(+1.0 feet on 9 days during January and April 2011) as the extreme value in the record. The range of
fluctuation of water level is as high as about 5.6 m. The difference in water level during one day is
about 2 m.

In recent years, many times water levels of about +1.0 m (about +3 feet) are observed in November -
May, and occurrence of LLWL +0.30 m is expected also in the future. For this reason, leading canal,
intake gates and lift pumps should be installed below LLWL in order to avoid interruption in
operation of WTP.

Source: MoAI and edited by JICA Study Team


Figure 4-15 Fluctuation of Daily Water Level of The Kokkowa River at Pandaing Village
(2008 to 2015)

(3) Measures against high turbidity


In the above Figure, the observed water levels exceeding the average level are occurring mainly
during the months of July - October. In general, and the period of raw water turbidity exceeding 500
NTU (Table 4-3) overlaps with the above period. In addition, occurrence of the turbidity exceeding
1,000 NTU continued for ten days in 2015 and is expected to occur in the future also. Therefore,
pre-sedimentation pond is planned for the purpose of reducing high turbidity in raw water.

The turbidity of inflow to WTP can be reduced, as observed in the precipitation tests (Figure 4-11), by

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increasing the retention time from the Kokkowa River to entrance of WTP. Based on the results of
tests carried out for high turbidity water in the rainy season (left graph in Figure 4-11), retention time
of pre-sedimentation pond is set to over 48 hours where turbidity is stabilized. On the other hand, in
the dry season, river water level is also low, and average turbidity of 150 NTU is within the range of
flocculation, consequently retention time is set to over 12 hours only.

(4) To take Supernatant Water


The result of sedimentation in Figure 4-11 shows that surface water has low turbidity. In order to use
the surface water of low turbidity, the structure of pump well is accordingly planned.

4.3.2 Proposed Capacities


There exists the MOAI’s embankment along the Kokkowa River that is an important facility to
protect against flood water. No facilities had better be constructed across the embankment that might
weaken the embankment. Therefore, repeated construction of the intake facilities should be avoided
and one-time construction is proposed. Hence, intake facilities need to be constructed with 154 MGD
(140 MGD x 110%) capacity which is the final capacity at this moment. It is considered that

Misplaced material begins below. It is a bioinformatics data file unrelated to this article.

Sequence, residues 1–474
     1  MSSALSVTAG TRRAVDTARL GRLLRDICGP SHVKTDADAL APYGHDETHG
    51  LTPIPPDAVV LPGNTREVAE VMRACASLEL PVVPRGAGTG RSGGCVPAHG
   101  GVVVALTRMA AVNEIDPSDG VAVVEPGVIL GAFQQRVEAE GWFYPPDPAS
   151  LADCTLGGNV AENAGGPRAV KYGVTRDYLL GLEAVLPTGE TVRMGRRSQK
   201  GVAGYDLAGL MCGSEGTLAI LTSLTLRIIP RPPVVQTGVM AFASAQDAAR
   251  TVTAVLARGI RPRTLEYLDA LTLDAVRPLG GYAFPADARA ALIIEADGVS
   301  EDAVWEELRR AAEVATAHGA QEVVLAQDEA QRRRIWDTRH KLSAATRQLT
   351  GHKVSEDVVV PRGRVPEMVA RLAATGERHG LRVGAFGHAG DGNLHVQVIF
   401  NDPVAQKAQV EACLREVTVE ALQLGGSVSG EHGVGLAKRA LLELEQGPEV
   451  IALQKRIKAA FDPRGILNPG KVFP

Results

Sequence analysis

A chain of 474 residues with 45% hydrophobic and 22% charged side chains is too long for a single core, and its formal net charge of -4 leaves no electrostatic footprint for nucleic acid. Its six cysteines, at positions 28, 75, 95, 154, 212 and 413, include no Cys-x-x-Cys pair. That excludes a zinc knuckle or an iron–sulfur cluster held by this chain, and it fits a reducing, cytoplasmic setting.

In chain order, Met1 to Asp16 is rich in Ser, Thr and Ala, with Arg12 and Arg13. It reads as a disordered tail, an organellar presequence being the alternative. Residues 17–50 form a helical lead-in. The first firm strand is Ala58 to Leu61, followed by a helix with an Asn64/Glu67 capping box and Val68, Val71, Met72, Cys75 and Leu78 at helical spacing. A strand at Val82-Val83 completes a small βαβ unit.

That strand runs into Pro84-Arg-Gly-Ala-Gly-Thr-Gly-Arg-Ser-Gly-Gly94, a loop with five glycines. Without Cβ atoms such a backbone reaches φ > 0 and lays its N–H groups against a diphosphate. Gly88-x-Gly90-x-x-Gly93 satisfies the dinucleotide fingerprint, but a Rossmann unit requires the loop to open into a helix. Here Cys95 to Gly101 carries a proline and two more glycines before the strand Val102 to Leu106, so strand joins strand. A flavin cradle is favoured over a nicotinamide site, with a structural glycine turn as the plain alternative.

pre-sedimentation pond and lift pumps of 66 MGD (60 MGD x 110%) be the candidate under this
plan.
Table 4-8 Proposed Planned Capacities
Facility Overall plan Capacity
Total Intake Flow 154 MGD
Intake point and leading canal 700,000 154 MGD
Intake Gate m3/day 154 MGD
Pre-sedimentation Pond (154 MGD) 66 MGD
Lift Pump 66 MGD
Source: JICA Study Team

4.3.3 Intake Point and Leading Canal


Raw water is to be directly taken from Kokkowa River for WTP.
The section of leading canal is calculated using the following
Manning formula.

=0.7 m/s
Flow rate=A x V=11.92 m3/s > 8.10 m/s =154 MGD
Where:
V: velocity (m/s), n: Gauckler-Manning coefficient 0.017 (as
gravel bottom), R: Hydraulic radius=A/P (A: cross sectional area 17.0 m2, P: wetted perimeter (m)), I:
slope of the hydraulic grade line (1/10,000)

4.3.4 Intake Gate


In order to withdraw water continuously for 24 hours, intake gates are to be installed below LLWL.
Six (6) gates are installed as described below. An intake gate is used in the constantly open condition.

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Planned flow : 154 MGD


Gate Size : 1500 mm x 1500 mm
Installation level : G.L.-1.2 m ∼ +0.3 m as LLWL
Bottom level of leading canal : G.L.-2.2 m (Height of a margin as 0.5∼1.0 m as
Japanese guideline)
Planned velocity : 0.4∼0.8 m/s (as Japanese guideline)
4 Duty+2 Standby : 0.90 m/s > 0.8 m …NG
5 Duty+1 Standby : 0.72 m/s < 0.8 m …OK
6 Duty+0 Standby : 0.60 m/s < 0.8 m …OK

River water level changes by several meters within the same day. Flap gate is installed in order to
prevent backflow when the water level of pre-sedimentation pond is higher compared to Kokkowa
River in case of low water level in Kokkowa River.

Table 4-9 Outline of Intake Gate


Quantity
No Facility Specification
Target In future
1 Intake Gate W 1500 mm x H 1500 mm of Square Gate with Screen 6 units -